3. Price point, conventional mirrors are pretty cheap and cars with cameras are not the basic configuration. Many people simply can't afford cars with expensive extras.

Mercedes Benz for example has some really nice safety features that use cameras already. 360 ° bird's eye parking assistance. Collision detection features that check your dead angle and if it is unsafe to change lanes a little red triangle lights up in your side mirror. Followed by acoustic warnings if you still try to change lanes up to point where the car brakes on side to put you back in your original lane. You even have active lane tracking already.

Technology is there already, we only adapt slowly to the change. It's the same with everything else, it takes years before new technology really reaches the rank and file.

  • 6
    $\begingroup$ I strongly disagree that these are the primary reasons. I'd really be surprised if mirrors are replaced, rather than augmented, by cameras. $\endgroup$ Mar 16, 2016 at 12:15
  • $\begingroup$ I would still regard the second point as a primary reason. Finding a proper replacement / augmentation for such a simple yet effecitve device is a major challenge in my opinion. And adressing your point regarding the focal distance. Isn't your typical mirror roughly the same distance away as a well placed display would be and you'd still have to change focus? Also you could place the display, HUD, whatever in the peripheral field of vision too. $\endgroup$
    – idkfa
    Mar 16, 2016 at 13:12
  • $\begingroup$ @idkfa thanks for the great explanation. I think we certainly can rely on electronics and cameras. We already are using so much electronics in the car and we trust it. This will be another piece of electronics which will be added. $\endgroup$
    – parag
    Mar 16, 2016 at 14:03
  • 14
    $\begingroup$ @idkfa Do not make the mistake of assuming that a mirror is a flat plane that you must focus on. A mirror reflects light. Think of it more as a window than a display. A mirror 3 feet from your face displaying a car 17 from the mirror actually requires your eyes to focus 20 feet away. $\endgroup$ Mar 16, 2016 at 14:45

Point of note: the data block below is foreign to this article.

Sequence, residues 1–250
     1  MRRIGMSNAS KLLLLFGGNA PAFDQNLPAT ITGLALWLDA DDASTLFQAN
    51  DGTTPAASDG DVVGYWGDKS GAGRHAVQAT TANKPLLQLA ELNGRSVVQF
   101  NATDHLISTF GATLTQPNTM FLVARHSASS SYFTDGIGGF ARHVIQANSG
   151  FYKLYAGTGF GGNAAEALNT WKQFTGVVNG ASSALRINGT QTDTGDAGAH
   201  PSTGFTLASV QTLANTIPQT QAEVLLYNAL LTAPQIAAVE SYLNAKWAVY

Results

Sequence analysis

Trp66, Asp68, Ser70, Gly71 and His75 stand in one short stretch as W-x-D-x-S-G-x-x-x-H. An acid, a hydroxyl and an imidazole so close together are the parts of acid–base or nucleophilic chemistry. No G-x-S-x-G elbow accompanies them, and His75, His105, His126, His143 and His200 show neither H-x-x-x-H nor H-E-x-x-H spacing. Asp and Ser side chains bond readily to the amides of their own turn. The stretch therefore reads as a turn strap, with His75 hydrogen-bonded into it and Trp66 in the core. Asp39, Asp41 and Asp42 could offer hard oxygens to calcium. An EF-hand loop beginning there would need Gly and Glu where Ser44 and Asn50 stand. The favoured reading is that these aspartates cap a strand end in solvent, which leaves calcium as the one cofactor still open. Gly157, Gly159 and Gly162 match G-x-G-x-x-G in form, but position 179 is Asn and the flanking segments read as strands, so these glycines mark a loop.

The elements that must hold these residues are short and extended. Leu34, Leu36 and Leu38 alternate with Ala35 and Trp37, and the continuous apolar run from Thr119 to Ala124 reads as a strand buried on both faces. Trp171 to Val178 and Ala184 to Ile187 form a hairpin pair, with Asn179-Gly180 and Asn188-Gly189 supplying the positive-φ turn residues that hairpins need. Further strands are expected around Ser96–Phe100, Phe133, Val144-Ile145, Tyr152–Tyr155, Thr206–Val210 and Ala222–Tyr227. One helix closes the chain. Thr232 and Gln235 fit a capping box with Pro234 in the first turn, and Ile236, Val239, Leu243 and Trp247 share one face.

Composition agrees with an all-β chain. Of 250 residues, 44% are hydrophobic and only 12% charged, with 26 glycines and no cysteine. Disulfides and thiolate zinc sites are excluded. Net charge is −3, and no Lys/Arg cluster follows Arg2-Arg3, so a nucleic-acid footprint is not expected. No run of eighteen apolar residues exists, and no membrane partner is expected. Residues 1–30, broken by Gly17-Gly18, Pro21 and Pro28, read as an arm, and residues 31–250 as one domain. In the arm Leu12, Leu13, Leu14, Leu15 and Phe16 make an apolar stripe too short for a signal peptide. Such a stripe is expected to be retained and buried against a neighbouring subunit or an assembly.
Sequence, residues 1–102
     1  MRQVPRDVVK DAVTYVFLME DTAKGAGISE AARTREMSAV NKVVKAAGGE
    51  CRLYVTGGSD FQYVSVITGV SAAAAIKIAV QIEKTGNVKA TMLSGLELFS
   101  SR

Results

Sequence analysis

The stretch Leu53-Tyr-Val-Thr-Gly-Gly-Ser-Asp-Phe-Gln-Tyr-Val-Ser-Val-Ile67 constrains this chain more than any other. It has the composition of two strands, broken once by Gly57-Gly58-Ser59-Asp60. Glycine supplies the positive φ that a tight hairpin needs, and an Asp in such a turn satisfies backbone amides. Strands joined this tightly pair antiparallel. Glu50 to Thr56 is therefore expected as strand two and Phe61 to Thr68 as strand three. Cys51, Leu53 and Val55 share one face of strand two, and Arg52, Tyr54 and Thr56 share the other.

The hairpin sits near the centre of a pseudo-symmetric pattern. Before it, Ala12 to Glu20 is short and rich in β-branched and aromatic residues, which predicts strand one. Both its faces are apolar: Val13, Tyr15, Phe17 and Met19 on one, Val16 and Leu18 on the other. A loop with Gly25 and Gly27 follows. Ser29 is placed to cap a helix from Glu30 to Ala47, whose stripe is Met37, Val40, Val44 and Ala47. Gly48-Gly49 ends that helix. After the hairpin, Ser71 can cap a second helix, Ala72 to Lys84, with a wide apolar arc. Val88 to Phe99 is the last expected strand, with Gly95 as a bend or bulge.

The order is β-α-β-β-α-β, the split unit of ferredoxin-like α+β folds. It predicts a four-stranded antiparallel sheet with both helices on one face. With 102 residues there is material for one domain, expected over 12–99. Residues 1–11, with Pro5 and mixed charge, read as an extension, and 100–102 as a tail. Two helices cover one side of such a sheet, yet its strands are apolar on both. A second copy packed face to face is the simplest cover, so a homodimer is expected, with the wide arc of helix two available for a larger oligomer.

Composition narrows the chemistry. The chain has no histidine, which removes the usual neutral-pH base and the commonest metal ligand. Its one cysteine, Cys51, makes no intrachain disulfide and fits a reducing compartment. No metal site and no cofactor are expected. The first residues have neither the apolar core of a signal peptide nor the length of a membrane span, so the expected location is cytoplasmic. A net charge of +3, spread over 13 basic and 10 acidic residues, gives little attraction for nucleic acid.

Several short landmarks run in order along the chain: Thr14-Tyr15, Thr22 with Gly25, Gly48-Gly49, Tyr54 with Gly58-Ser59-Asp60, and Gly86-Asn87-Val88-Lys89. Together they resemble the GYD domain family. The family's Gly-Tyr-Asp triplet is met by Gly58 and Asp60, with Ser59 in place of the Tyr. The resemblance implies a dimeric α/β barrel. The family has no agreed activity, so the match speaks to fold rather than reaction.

• 10
    $\begingroup$ @OgrePsalm33: An important corrollary to the fact that a mirror's virtual image is behind the mirror (and the curvature of the mirror does result in a distance different than that of the real object) is that depth perception also works for the observer with stereo vision. This is perhaps more important than the eyestrain associated with focal length. $\endgroup$
    – Ben Voigt
    Mar 16, 2016 at 19:01

Digital camera systems with LCD screens impose latency of at least a frame on the images. Fine for slow moving parking cameras, maybe a problem at speed. An object moving at 60mph shown through a 30fps camera with a latency of 1 frame is 1m away from where it appears to be.

(CRT screens with analog TV cameras that have no digital in the signal path are pretty much the only way to avoid this, which would be an absurdly bulky system.)

Getting the screen brightness right could be a problem when driving at night. The brightness and contrast needs to be roughly the same as ambient, otherwise having a bright rearview mirror would be a distraction. Whereas a mirror shows the same ambient illumination level as looking forwards through the windscreen.

FoV and distortion could also be a problem. Objects would appear differently. This has a potential benefit - the elimination of the blind spot - but would require relearning.

Note on focusing: when you focus on an object in a mirror, you're focusing at the apparent distance, not the distance of the mirror. So for a mirror 1m away from your eyes looking at a car 20m behind the mirror, you're focusing at 21m. This is not true for screens.

  • 3
    $\begingroup$ CRTs have the same problem. In fact, they have a much higher latency, due to the fact that their frames are much longer - a typical LCD is around 60 Hz, while a typical CRT is 24 Hz interlaced (half of the picture is refreshed every 1/12 of a second). This is easily seen when you aim the camera at your TV (though today it might be tricky finding an analog camera to use with an analog TV :)). LCD doesn't imply a digital connection, and a digital connection doesn't need to imply a higher latency compared to analog - you're still pushing a 2D image through a 1D line. $\endgroup$
    – Luaan
    Mar 16, 2016 at 16:56
  • 2
    $\begingroup$ Actually, it's mostly the opposite. An interlaced CRT has a field rate that's double the nominal frame rate (60 fields/second vs 30 frames/second, or 50 fields/second vs 25 frames/second). FILM traditionally has a framerate of 24FPS (though some TV shows from the 1990s... before affordable HD cameras existed, though everyone knew HD was coming... shot film at 30FPS or 25FPS. Star Trek: TNG and Friends are good examples of this). In theory, a LCD wouldn't have to have any more latency than a CRT... but in the real world, LCDs with common controllers add at least 1 or 2 frames of latency. $\endgroup$